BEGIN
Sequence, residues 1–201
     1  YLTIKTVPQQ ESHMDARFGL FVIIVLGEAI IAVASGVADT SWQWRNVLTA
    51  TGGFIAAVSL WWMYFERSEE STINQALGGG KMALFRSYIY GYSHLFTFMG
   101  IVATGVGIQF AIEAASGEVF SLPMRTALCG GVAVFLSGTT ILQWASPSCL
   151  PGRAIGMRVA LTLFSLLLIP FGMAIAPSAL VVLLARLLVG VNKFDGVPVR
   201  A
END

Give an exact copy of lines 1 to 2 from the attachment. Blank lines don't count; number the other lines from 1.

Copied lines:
Sequence, residues 1–201
     1  YLTIKTVPQQ ESHMDARFGL FVIIVLGEAI IAVASGVADT SWQWRNVLTA